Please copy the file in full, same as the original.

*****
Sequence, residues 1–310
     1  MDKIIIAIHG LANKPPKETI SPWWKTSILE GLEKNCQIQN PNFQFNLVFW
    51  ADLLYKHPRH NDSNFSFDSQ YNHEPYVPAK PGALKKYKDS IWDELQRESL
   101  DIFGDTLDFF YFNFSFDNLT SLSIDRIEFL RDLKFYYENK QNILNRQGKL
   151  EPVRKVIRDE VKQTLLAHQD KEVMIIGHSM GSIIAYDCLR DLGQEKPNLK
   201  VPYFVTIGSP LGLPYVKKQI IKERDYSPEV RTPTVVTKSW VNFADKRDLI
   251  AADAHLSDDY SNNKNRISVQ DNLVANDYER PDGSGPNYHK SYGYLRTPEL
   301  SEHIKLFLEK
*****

Sequence, residues 1–310
     1  MDKIIIAIHG LANKPPKETI SPWWKTSILE GLEKNCQIQN PNFQFNLVFW
    51  ADLLYKHPRH NDSNFSFDSQ YNHEPYVPAK PGALKKYKDS IWDELQRESL
   101  DIFGDTLDFF YFNFSFDNLT SLSIDRIEFL RDLKFYYENK QNILNRQGKL
   151  EPVRKVIRDE VKQTLLAHQD KEVMIIGHSM GSIIAYDCLR DLGQEKPNLK
   201  VPYFVTIGSP LGLPYVKKQI IKERDYSPEV RTPTVVTKSW VNFADKRDLI
   251  AADAHLSDDY SNNKNRISVQ DNLVANDYER PDGSGPNYHK SYGYLRTPEL
   301  SEHIKLFLEK